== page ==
All this said, I need to read up on Dan's blog (and achives of yours Andrew) as I am considering buying a Vanguard ETF to diversify my RRSP. I only keep ETFs and U.S. dividend-payers in there.

    Great post as usual Andrew!

  5. avatar
    Andrew Hallam

    @Canadian Couch Potato

    Hey Dan,

    I do wonder about Britain though. I think Virgin Money has a huge share of the UK market. But England itself only has about triple our population, right? (I haven't looked that up, so I could be talking out of my left ear on the population of the UK) But I can't be too far off. Despite not having a huge population, Vanguard UK has some really cheap indexed options, in a market that can't be all that big. It's interesting, isn't it?

  6. avatar
    Andrew Hallam

    @Kevin@InvestItWisely

    Hey Kevin,

    I guess ETFs are great for those who have a bit of money already. But it's tough for those investing $50 a month to think of giving away 50% of their monthly deposit towards commissions on small accounts.

    I think about how young I was when I started, and the actively managed fund companies in Canada made it very easy for me to automatically deposit small amounts on a regular basis. I guess we do have e-Series Funds. But no TD rep is ever going to tell a young investor that they exist. They're trained to move clients towards their most expensive products. After having some candid conversations with a couple of TD reps, I know this to be a fact.

    Your focus on the little guy is a good one Kevin. You've mentioned before, that you don't mind if ignorant wealthy people get hammered, financially, by fees they pay because they don't do their homework. But it's the little guy (as you often point out) who gets hurt most because he can't really get off the ground.

  7. avatar
    Andrew Hallam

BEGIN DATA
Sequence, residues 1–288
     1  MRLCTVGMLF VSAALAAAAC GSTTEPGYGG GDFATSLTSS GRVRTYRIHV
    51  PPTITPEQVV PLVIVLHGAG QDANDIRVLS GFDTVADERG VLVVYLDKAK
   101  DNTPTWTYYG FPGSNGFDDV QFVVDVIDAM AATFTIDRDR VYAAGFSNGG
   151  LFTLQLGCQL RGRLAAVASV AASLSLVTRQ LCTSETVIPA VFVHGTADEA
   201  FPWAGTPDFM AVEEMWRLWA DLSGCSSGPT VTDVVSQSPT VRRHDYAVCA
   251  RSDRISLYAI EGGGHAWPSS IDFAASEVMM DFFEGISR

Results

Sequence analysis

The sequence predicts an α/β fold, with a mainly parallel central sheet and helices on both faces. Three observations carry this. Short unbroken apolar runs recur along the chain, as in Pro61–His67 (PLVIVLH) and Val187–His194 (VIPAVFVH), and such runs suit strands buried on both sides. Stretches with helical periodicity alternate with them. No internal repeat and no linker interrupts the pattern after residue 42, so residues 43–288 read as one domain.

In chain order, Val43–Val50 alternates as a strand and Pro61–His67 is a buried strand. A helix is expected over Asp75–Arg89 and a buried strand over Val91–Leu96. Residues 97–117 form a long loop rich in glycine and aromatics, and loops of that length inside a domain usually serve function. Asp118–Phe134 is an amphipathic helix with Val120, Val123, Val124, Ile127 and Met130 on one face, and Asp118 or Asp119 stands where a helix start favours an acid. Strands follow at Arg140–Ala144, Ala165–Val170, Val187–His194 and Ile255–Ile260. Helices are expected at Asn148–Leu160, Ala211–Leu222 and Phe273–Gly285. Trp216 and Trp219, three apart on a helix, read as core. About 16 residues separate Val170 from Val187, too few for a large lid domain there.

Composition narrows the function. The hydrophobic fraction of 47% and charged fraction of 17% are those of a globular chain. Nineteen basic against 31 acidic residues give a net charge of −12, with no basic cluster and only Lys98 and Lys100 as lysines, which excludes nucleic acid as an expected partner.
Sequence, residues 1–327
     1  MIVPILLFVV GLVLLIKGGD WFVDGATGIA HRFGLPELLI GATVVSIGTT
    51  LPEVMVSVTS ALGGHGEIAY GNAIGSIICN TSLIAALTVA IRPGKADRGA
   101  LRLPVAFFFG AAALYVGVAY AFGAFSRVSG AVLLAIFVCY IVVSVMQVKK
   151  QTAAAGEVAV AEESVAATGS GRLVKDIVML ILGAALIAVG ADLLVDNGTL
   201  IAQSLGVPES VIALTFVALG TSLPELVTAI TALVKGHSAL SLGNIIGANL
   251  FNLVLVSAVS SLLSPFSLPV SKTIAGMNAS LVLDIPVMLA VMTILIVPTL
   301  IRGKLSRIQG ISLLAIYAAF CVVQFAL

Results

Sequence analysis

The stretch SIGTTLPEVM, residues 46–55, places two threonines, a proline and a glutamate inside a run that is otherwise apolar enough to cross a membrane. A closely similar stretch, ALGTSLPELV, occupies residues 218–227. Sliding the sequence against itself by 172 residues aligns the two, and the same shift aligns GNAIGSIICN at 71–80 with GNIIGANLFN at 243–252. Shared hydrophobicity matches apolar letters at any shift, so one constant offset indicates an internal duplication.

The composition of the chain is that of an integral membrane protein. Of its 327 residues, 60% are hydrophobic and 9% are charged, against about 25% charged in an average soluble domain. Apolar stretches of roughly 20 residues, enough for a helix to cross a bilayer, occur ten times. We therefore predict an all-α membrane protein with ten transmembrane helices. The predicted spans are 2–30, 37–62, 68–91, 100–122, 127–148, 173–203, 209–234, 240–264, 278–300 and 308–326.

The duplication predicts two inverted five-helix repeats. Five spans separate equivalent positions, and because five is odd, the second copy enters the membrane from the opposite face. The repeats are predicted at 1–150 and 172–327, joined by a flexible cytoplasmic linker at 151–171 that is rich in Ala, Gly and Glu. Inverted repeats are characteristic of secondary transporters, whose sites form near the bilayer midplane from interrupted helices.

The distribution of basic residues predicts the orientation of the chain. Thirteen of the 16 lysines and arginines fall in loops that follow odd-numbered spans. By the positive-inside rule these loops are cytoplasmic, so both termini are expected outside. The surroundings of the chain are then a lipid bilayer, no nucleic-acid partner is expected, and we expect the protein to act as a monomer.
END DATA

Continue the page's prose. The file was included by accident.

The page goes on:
@Mich@BeatingTheIndex

    You're right Mitch—but only for those who already have money. The idea of saving for a year to buy an ETF isn't going to be much incentive to a young person wanting to dollar cost average. I hope Vanguard does arrive, and I hope they give Canadians a fair shake.

  8. avatar
    Andrew Hallam

    @Financial Cents

    It looks like Dan has a great, recent post on that last query of yours Mark.

  9. avatar
    Kevin@InvestItWisely

    <blockquote cite="#commentbody-1318">

    Andrew Hallam :

    @Kevin@InvestItWisely

    Hey Kevin,

    I guess ETFs are great for those who have a bit of money already. But it’s tough for those investing $50 a month to think of giving away 50% of their monthly deposit towards commissions on small accounts.

    I think about how young I was when I started, and the actively managed fund companies in Canada made it very easy for me to automatically deposit small amounts on a regular basis. I guess we do have e-Series Funds. But no TD rep is ever going to tell a young investor that they exist. They’re trained to move clients towards their most expensive products. After having some candid conversations with a couple of TD reps, I know this to be a fact.

    Your focus on the little guy is a good one Kevin. You’ve mentioned before, that you don’t mind if ignorant wealthy people get hammered, financially, by fees they pay because they don’t do their homework. But it’s the little guy (as you often point out) who gets hurt most because he can’t really get off the ground.

    Yep, the problem unfortunately is that there is little informed consent. I focus on the little guys because they simply don't know how they are getting taken advantage of. They haven't had the benefit of reading andrewhallam.com. ;) If the little guy was a millionaire senior, I would still feel for them because they are still being taken advantage of.

    When a rich guy goes to gamble away millions at a casino or gamble in a hedge fund, *and he is perfectly aware of what he is doing*, I then don't feel sorry. I feel bad for a big loss, but if the guy knew what he was getting into, then he must accept responsibility for that in the end.

    I think people are giving the banks far more trust and credit than they deserve. I don't suggest putting on a tinfoil hat, but it's healthy to be skeptical when someone says that they have your best interests at heart, whether it be a financial advisor or a politician. Unless that person has a legal and fiduciary responsibility and they are *obligated* to act in your best interests, then remain skeptical. Even if they do have that duty, you should still cover your bases. You might still make a mistake and get swindled, but at least you improve your odds.